_Preparing boxes of handstamps for Mobius exhibit
_This week in the studio I’m working toward putting some parentheses around my Ox and O's work in progress for this weekends exhibit at Mobius in Boston. My current work on hand stamps, choice and identity will be on view Saturday the 16th at 8pm at 725 Harrison Ave. in Boston. I say parentheses because the exhibit is part of the Works in Progress program running at the gallery this month and my work on this idea seems to find new tangents to explore. So I’ve got to wrap a cover around where I am at this particular moment and present what I’ve got. Those that have followed my thinking out loud here have seen the personal mythology symbol stamps and Ox and O's game box. I’ve also produced two videos and an handmade artist accordion book. This weekend I want to explore an aspect of choice that I need an audience for: how our identities are constrained by the choices we are NOT allowed to make.
Collection of personal mythology symbols
_When I think about this game (or life) played with choice I think of the tic tac toe grid as a structure which constrains the freedom of expression and identity. There are many things we are not able to choose; our place of birth, our sex or orientation, our parents or their status and many others. So to further this idea I want to involve others in a dialogue in order to gather material via photos and video for the next phase in this project.
_From the press release: “Simple tic tac toe grids on paper are provided as well as a selection of the artist’s hand-carved symbols. The audience completes the work by playing the game and taking the art home.” So perhaps by next week this will evolve from constraint, choice and personal identity to the interlocking grids that form our social mesh.
At ZieherSmith for Visual AIDS opening
My card is top row just to right of my head
_The windy city title that Chicago bears could be applied to my weekend trip to NYC. Braving the cold was a small price to pay for slipping into the the Big Apple for a couple of shows. The main mission was attending the preview party for the Visual AIDS benefit at ZieherSmith gallery in Chelsea on Friday night. Packed doesn’t begin to describe the gallery as Karen and I arrived around 6:30.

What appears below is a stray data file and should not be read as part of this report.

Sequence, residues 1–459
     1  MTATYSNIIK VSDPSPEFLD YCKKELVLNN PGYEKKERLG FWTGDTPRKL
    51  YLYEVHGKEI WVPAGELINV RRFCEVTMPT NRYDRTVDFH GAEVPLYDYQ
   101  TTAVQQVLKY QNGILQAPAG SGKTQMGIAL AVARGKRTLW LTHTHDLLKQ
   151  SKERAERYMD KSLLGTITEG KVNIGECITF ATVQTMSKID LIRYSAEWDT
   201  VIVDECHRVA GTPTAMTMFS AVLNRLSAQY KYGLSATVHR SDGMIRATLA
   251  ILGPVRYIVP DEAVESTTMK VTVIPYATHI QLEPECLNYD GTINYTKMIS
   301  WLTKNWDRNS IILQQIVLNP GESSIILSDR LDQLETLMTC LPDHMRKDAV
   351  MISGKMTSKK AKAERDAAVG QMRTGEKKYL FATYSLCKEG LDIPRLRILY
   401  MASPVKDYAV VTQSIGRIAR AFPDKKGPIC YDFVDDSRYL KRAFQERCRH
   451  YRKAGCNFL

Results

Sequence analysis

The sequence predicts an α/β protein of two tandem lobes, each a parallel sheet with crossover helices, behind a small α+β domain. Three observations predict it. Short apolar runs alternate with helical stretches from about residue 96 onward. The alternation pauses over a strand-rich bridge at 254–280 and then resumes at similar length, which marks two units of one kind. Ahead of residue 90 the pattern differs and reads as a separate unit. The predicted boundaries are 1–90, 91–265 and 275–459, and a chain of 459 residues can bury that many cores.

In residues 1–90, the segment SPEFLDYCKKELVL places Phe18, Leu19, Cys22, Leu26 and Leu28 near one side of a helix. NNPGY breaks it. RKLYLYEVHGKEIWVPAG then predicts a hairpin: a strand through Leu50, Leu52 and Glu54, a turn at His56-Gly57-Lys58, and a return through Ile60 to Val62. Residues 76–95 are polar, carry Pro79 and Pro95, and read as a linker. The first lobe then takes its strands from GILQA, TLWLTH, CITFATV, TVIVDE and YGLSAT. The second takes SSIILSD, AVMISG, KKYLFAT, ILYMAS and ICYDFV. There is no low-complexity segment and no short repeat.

The exhibition consists of postcard-sized works created by artists both well known and not so well known. All the work sells for $75, with the idea that you could pick up a work normally out of ones league; except that the pieces are signed on the backs. So if you’re looking to collect Ed Ruscha or Ida Applebroog you better have a good eye.
preview party at ZieherSmith
_No sales were allowed during the preview and all works were on display, if one could get close enough to see them. A perimeter trip took about an hour with a couple of time outs for refreshment. Karen and I were on the look out for my piece and those of several artist friends that we knew had contributed to the show. I managed to locate mine as well as one by Keith Buchholz.
Center postcard by Keith Buchholz
_Earlier that day we had also faced crowds at MoMA to see the Tim Burton and Bauhaus exhibits. Burton’s was approaching unviewable status because of the number of people allowed in at a time. Still with selected slipping and jostling we were able to see enough to confirm my admiration for Burtons creativity. From his early years growing up in Burbank his sketches and other works on paper show the arc his career would take. Many early ideas eventually find their place in later movies or animations. I hope to get another look before this closes at the end of April.
Entrance to Tim Burton exhibit at MoMA
_The Bauhaus exhibit will only be up until Jan. 25th so if you haven’t seen it yet…! The exhibit struck me with the feeling that so many of the ideas worked through during its existence seem so integrated in our design sense as to be like the air we breath. It simply is there.. all around us. The implications of the artist commanding the machine and production has now spilled into our information culture although one wonders whether we will ultimately have inexpensive but beautiful information or corporate noise.
Entrance to Bauhaus exhibit
_As a side note I have always loved the work of Paul Klee and to see his puppets right after the Burton models and props once again proves there is nothing new under the sun.